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PLoS Biol. 2013;11(3):e1001510. doi: 10.1371/journal.pbio.1001510. Epub 2013 Mar 19.

Candida albicans commensalism and pathogenicity are intertwined traits directed by a tightly knit transcriptional regulatory circuit.

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Department of Microbiology and Immunology, University of California, San Francisco, San Francisco, California, United States of America.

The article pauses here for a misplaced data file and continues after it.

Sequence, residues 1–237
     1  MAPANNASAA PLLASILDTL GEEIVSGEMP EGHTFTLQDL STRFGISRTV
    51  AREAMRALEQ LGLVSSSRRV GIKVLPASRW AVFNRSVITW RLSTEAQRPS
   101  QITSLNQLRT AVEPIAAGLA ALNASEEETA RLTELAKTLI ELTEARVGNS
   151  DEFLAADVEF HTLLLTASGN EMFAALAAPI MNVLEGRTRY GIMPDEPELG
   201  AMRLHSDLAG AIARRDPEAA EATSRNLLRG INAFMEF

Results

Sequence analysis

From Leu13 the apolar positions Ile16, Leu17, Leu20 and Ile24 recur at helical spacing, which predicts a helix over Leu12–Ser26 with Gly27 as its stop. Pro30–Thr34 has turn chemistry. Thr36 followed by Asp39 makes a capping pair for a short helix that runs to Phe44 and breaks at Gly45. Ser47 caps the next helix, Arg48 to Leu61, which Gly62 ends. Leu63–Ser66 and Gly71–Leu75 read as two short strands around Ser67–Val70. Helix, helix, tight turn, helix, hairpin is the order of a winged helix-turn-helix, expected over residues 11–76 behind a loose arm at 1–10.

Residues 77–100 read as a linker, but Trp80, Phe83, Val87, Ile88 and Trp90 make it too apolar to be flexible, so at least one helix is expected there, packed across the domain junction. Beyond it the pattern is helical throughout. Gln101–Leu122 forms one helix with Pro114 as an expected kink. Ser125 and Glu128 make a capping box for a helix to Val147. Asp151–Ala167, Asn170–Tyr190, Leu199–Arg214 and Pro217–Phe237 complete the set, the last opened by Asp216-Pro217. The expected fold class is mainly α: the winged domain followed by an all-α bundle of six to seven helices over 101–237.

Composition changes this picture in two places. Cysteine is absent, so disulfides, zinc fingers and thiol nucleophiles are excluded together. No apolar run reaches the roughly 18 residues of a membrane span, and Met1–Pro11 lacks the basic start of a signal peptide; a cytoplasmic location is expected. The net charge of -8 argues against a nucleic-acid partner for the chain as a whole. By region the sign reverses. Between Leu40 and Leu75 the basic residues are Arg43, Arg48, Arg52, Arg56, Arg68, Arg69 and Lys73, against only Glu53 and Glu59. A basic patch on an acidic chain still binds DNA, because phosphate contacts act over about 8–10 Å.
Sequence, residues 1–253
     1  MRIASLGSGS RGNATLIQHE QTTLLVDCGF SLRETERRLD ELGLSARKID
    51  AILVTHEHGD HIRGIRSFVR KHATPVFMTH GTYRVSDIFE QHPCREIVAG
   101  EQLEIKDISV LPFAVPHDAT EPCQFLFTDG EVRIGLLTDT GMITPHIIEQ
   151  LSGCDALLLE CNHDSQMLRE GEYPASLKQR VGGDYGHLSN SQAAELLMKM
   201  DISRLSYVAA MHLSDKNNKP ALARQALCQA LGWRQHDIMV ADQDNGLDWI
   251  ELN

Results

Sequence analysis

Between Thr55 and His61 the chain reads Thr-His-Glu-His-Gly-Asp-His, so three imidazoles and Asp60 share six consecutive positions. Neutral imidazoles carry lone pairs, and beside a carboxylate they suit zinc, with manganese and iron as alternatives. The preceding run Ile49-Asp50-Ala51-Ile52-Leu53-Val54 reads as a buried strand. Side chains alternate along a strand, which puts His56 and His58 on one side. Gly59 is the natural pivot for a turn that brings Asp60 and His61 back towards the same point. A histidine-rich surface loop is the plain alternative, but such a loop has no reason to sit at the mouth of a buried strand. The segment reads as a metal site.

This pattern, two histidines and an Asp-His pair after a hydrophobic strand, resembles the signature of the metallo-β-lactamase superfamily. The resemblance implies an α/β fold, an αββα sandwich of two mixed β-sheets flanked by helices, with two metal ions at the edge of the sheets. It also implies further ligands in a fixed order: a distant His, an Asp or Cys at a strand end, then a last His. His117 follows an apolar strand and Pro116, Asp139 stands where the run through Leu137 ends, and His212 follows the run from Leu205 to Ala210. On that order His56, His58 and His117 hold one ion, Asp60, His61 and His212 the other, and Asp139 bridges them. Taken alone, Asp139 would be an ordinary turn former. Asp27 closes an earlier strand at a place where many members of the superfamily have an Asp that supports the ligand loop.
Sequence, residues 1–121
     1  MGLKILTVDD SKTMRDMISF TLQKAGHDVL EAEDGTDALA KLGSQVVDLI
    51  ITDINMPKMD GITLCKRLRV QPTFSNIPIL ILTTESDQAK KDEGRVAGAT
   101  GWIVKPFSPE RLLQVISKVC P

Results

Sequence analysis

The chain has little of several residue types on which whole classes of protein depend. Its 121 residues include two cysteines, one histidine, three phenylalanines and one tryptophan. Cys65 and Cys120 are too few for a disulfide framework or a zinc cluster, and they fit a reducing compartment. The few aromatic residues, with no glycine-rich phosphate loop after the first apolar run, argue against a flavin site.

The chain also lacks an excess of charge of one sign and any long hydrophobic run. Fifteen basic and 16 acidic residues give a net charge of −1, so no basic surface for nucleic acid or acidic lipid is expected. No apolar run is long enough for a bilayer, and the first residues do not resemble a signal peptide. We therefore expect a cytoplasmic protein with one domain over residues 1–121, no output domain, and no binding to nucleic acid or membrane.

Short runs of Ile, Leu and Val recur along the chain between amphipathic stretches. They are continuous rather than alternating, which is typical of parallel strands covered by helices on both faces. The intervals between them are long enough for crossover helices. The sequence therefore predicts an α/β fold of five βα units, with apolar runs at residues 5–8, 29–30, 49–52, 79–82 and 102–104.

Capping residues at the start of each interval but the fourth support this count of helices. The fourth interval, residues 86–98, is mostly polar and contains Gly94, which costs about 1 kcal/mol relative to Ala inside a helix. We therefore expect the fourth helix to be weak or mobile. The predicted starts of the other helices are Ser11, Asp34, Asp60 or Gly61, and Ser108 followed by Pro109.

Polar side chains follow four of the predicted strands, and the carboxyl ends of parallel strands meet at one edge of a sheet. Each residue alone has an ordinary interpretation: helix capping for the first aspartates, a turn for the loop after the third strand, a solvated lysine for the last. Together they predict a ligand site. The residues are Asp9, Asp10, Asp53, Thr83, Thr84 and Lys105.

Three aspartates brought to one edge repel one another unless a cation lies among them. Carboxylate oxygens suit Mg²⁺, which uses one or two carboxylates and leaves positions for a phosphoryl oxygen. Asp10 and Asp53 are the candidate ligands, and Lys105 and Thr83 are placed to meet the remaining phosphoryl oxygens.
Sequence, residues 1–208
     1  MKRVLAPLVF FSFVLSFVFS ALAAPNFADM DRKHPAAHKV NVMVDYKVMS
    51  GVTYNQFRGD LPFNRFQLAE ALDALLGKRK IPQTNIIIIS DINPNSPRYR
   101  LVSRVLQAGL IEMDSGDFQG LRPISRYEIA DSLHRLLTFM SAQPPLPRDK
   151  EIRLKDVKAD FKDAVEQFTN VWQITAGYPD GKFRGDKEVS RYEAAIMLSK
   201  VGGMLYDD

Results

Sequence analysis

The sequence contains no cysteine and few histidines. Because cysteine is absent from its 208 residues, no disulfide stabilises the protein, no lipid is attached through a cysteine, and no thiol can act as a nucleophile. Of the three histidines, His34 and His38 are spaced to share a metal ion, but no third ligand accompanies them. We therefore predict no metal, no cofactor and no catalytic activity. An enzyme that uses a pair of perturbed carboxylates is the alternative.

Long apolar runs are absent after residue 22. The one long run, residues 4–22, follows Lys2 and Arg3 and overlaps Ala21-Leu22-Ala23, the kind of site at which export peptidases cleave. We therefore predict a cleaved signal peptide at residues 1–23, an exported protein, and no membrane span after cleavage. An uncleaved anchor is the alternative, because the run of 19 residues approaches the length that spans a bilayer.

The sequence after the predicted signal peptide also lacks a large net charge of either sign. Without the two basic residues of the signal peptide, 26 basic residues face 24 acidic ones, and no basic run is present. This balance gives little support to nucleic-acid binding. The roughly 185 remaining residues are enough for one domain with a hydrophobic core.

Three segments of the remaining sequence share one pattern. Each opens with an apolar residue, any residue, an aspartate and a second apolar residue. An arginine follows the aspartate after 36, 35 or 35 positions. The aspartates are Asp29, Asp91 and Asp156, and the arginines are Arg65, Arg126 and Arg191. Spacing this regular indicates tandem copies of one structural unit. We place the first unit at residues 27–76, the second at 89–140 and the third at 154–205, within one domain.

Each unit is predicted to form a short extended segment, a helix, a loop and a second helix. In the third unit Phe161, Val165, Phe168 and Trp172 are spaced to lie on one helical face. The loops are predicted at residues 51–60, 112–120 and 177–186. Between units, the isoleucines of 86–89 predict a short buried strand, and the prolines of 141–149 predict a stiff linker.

Systemic, life-threatening infections in humans are often caused by bacterial or fungal species that normally inhabit a different locale in our body, particularly mucosal surfaces. A hallmark of these opportunistic pathogens, therefore, is their ability to thrive in disparate niches within the host. In this work, we investigate the transcriptional circuitry and gene repertoire that enable the human opportunistic fungal pathogen Candida albicans to proliferate in two different niches. By screening a library of transcription regulator deletion strains in mouse models of intestinal colonization and systemic infection, we identified eight transcription regulators that play roles in at least one of these models. Using genome-wide chromatin immunoprecipitation, we uncovered a network comprising ∼800 target genes and a tightly knit transcriptional regulatory circuit at its core. The network is enriched with genes upregulated in C. albicans cells growing in the host. Our findings indicate that many aspects of commensalism and pathogenicity are intertwined and that the ability of this microorganism to colonize multiple niches relies on a large, integrated circuit.

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